I have been wondering for a little while (read: thirty plus years) what gender is, how one becomes gendered,whether gender is a social construct or an aspect of physiology, and how someone who is transgressively gendered can move through and interact with a traditionally (perhaps coercively) gendered world?

Part of the difficulty in addressing these questions and with talking about gender is a lack of common language. I think those who are traditionally gendered do not spend much time contemplating their genderedness. Like having two excellent eyes or ten flexing fingers, being traditionally gendered is taken for granted. When you are not traditionally gendered, however, you spend every moment of every day thinking about gender, not just your gender, but everyone’s.

“I wish I could stop thinking about my gender.”
—TotallyAmelia via Tumblr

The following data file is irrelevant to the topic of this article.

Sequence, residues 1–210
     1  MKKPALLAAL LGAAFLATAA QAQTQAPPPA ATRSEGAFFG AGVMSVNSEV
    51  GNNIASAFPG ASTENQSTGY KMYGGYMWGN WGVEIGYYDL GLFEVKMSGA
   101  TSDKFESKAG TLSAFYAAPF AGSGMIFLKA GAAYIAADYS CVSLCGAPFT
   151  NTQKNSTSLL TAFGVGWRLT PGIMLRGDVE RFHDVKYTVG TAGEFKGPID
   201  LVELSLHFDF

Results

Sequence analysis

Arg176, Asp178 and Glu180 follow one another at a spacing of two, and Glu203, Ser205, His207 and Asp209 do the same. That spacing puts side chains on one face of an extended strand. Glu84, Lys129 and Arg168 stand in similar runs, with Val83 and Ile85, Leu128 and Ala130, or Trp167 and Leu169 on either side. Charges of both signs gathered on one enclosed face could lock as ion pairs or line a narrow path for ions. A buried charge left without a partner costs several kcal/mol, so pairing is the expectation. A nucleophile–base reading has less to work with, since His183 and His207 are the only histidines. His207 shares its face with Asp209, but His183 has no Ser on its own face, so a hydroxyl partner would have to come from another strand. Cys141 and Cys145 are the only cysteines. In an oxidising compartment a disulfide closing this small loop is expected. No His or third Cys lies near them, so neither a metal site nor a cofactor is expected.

I am able to remember a time in my life where I was not concerned with this thing called gender, I was four. The idea of gender had not been introduced to me yet. I simply knew my personality and that was all I needed to know. Honestly, I think that is all any of us needs to know. This raises another batch of questions for me. Why do we not interact with others based on their personalities? We do we feel the need to know a person’s gender? How are we determining their gender? Why do we try so hard to determine the gender of androgynous people or, worse, disbelieve those whose identified gender does not match what we perceive it as?